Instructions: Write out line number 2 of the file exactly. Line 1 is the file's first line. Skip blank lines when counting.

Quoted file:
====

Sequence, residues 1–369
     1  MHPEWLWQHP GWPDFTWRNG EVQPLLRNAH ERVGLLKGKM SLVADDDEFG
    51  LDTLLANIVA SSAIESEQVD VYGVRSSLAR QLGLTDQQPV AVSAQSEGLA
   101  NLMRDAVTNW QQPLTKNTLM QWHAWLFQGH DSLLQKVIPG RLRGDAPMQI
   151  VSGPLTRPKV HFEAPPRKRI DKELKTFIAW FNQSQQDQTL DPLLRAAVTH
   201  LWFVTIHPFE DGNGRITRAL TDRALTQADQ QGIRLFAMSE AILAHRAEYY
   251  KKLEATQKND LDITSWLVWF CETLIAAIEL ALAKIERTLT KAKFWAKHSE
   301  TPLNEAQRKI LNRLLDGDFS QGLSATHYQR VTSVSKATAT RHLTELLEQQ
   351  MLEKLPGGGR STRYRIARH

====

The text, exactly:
     1  MHPEWLWQHP GWPDFTWRNG EVQPLLRNAH ERVGLLKGKM SLVADDDEFG